Tuesday, February 8, 2011

Martin Jacques: Global Racism

Martin Jacques is an economist and writer whom I very much admire. I have used and introduced to many others an excellent article he wrote for the Guardian/UK, published on September 20,  2003, about global racism entitled "The Global Hierarchy of Race" with the subtitle "As the only racial group that never suffers systemic racism, whites are in denial about its impact." [See the article here.]

In a 21-minute TED talk in London in October, 2010, Jacques gives an excellent summary of the place of China and Asia in the world scheme of things to come. If you look at race, then, in a global context, you can see why it is more accurate to talk about racism in a multicultural context rather than merely looking at the issue from a Black-White American perspective. Jacques addresses the provincialism of the strictly American/Western perspective.

[A side note: Jacques' wife, Harinder Veriah, a Malay-Indian attorney, died in hospital in Hong Kong back in 2000, the victim of racism in the Chinese hospital where the dark-skinned non-Chinese were relegated to "the bottom of the pile," in Veriah's own words. Here is a link to an interview with Jacques, published on November 26, 2000, in the South China Morning Post, in which he talks about his wife's death and racism in Hong Kong and his actions to address racism to honor her memory. Here also is a link to a statement by Jacques, who with his 11-year old son, prevailed in a lawsuit against the hospital, thus engendering the beginning of legal changes in Hong Kong to protect racial minorities. So, one can see that racism is an issue that occurs elsewhere in the world and is not merely a Black-White problem in the U.S. One can also see that the resistance of those who have been victimized by racism, including filing lawsuits to force institutional change, is necessary everywhere that racism is encountered.]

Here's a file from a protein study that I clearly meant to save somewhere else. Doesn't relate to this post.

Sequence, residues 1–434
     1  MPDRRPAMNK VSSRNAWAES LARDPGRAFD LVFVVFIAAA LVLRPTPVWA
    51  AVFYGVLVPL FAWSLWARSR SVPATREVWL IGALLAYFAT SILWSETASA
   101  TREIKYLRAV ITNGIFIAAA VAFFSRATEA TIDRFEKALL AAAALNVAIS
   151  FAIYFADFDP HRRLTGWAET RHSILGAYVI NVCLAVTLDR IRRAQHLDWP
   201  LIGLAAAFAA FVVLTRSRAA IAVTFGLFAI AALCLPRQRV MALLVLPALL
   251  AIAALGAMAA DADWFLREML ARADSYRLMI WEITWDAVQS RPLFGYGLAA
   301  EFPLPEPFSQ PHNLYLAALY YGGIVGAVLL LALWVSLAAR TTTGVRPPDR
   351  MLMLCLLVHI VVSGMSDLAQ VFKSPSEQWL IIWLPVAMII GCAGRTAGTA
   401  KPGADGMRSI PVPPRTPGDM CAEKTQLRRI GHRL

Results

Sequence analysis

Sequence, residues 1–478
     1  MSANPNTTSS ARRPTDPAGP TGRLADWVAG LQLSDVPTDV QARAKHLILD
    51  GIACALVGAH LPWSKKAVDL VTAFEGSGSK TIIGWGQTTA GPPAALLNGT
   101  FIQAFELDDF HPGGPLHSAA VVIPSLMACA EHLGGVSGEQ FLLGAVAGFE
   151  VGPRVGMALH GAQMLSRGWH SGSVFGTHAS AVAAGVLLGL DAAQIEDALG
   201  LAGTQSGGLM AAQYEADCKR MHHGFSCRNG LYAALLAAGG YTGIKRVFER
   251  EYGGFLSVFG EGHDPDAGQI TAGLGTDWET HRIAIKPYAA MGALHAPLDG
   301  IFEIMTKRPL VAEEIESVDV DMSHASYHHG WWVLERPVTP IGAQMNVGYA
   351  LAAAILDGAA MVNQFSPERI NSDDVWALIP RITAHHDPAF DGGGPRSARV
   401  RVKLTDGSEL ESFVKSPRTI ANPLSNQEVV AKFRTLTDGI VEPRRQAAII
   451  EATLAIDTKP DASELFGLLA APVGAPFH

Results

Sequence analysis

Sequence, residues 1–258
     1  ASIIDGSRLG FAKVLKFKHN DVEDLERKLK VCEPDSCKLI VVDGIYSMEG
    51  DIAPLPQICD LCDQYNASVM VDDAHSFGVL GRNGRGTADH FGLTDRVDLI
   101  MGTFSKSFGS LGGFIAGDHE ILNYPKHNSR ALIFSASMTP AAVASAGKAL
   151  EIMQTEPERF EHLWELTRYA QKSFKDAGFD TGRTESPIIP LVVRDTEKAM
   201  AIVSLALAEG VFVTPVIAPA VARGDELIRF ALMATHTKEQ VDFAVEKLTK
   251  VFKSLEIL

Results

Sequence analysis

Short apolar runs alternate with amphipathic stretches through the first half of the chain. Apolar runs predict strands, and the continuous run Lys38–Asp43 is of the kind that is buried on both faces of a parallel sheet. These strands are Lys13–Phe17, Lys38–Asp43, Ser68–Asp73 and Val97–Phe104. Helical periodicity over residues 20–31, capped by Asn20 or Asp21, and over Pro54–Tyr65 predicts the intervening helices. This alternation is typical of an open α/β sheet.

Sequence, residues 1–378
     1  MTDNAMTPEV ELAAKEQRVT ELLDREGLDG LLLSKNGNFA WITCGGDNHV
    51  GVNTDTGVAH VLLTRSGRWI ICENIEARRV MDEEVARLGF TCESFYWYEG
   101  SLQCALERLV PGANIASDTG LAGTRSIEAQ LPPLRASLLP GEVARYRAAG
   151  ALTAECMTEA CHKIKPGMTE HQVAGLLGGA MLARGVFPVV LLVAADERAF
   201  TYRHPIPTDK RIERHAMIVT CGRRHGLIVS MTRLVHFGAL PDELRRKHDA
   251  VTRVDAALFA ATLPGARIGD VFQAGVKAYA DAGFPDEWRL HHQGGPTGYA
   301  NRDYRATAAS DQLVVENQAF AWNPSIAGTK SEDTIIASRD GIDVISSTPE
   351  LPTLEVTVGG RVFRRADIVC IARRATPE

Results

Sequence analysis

[From the TED.com site] "Speaking at a TED Salon in London, economist Martin Jacques asks: How do we in the West make sense of China and its phenomenal rise? The author of "When China Rules the World," he examines why the West often puzzles over the growing power of the Chinese economy, and offers three building blocks for understanding what China is and will become."  Watch here >>

Here are the key elements of Jacques' thesis, as identified by him in his book and on his Web site.  Please go to Jacques' Web site to read the entire list of twelve key arguments. Here, I have only listed a few.

When China Rules the World
The Rise of the Middle Kingdom and the End of the Western World
1- There is not simply one western modernity, instead we are witnessing the birth of multiple modernities
5 - China’s impact on the world will not simply be economic; it will also have profound political, cultural and ideological effects.
8 - At its core, China is a civilization-state rather than a nation-state, a fact which will become steadily more apparent
11- 92% of the Chinese believe that they are of one race, the Han Chinese, unlike the other most populous nations such as India, the United States, Brazil and Indonesia, which recognize themselves to be highly multi-racial and multi-cultural

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